Gilbert has been regularly blogging on football tactics with a focus on the A-League in Australia over the last few years, and has recently began learning Sportscode in an effort to break into the analysis industry. This is part two in our series with Gilbert Albertson as he goes through a six-month trial of Sportscode. Read part one here.
Over the last month I've continued work with the Brisbane Roar and their analyst. I’ve begun live-coding matches for the club's youth team who are competing in the National Premier League in Queensland, the division below the A-League.
Live-coding is certainly a quicker way to code a match. With no chance to watch clips back and adjust the timings or how you've labelled them, you're guaranteed to be done in ninety minutes. It is a different experience though, and you can't afford to lose concentration for even a second or you can quickly fall behind the play.
It has been a learning experience that has taken a bit of adjusting. But after three or four games it started to come together, and I'm now much more confident. Without a direct feed of the video into my laptop, I have been using the iPad app iCoda rather than the full Sportscode program for live coding. While it isn't as powerful in terms of features, I've found it’s customisable, with a much simpler layout. That’s helpful when you want to reduce distractions in a live match environment.
It also means that I don’t have the live-feed available for use at halftime for the staff to problem solve during the match. It does speed up the post-match process though, allowing the coach to go straight into the analysis when the game is over. So far I would say coding during the game is more about capturing the events, but it is hard to add context in that environment until it’s combined with more detailed analysis post-match.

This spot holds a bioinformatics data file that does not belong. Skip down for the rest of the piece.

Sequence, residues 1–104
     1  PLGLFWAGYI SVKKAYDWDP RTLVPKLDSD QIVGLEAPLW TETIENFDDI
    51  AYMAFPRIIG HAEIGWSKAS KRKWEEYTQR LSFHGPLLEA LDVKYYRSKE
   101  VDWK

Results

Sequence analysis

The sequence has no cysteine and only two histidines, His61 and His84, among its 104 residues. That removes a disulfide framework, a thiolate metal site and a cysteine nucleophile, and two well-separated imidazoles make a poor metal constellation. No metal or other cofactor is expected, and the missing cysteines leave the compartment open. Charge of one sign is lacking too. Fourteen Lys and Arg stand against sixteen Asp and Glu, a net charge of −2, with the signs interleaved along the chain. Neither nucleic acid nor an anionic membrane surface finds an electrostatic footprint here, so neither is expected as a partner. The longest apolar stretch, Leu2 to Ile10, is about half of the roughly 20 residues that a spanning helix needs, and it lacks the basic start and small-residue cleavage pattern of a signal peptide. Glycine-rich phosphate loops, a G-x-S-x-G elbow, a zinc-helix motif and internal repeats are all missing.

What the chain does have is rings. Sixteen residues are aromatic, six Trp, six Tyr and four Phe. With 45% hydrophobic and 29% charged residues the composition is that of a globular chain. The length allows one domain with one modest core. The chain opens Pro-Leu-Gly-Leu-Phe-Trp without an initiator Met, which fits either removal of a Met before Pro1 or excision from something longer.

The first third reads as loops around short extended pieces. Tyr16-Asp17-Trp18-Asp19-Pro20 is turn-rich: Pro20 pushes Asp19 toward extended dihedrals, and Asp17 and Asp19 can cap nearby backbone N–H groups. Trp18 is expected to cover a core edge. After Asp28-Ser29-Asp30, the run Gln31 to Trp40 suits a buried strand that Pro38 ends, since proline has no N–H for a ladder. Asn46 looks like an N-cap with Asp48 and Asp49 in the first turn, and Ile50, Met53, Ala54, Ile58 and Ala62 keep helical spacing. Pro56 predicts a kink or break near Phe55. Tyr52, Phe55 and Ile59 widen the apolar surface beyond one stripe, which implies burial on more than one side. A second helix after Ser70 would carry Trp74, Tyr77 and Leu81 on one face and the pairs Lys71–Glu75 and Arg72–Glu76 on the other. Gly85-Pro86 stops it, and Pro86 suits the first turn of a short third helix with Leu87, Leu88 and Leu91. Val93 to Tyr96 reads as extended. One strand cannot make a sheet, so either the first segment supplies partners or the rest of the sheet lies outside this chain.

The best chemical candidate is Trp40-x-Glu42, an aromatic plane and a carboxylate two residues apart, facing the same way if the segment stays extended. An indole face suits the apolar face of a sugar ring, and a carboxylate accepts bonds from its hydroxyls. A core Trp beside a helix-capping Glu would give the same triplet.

One important takeaway I have been learning is that everyone will have a slightly different experience, so customising the coding window is important to make sure it works for you. At the end of the day, you need to provide the coach, staff and players the information they need for their own roles. Different analysts may have differing methods of obtaining that information, like how they set up code windows for example.
With the club's first team currently in their off-season it has also been an opportunity to review the last season. I've assisted the team's analyst with this process, which has included going back and re-watching all twenty-nine matches to build reports on particular aspects of the team's game that the coaching staff requested.
While some simple data is collected by other data companies around how many tackles players make or shots and saves they make, manually coding your own events means you can build on this and, more importantly, customise it to your own team. This means we can create our own statistics and information profiles that fit our team's style or targets.
Combining it with video allows you to then take it to the next level. I am a big supporter of the ever increasing amounts of data available in football in recent years and believe that using it smartly can create important competitive advantages. But that doesn't mean that video isn't important. Being able to use data to prove a thesis you've found with what may have started as an anecdotal bit of video is powerful.
The next step is preseason and preparing for the new season that kicks off in October, with the first FFA Cup game in August.
Once the new season starts, I am hoping to assist with the opposition scouting and preparing a report for the coach ahead of each match. This is probably the bit I am most looking forward too as well, combining the more practical skills that I have learnt with Sportscode and the Brisbane Roar over the last few months with what I had been doing when I was blogging analysis.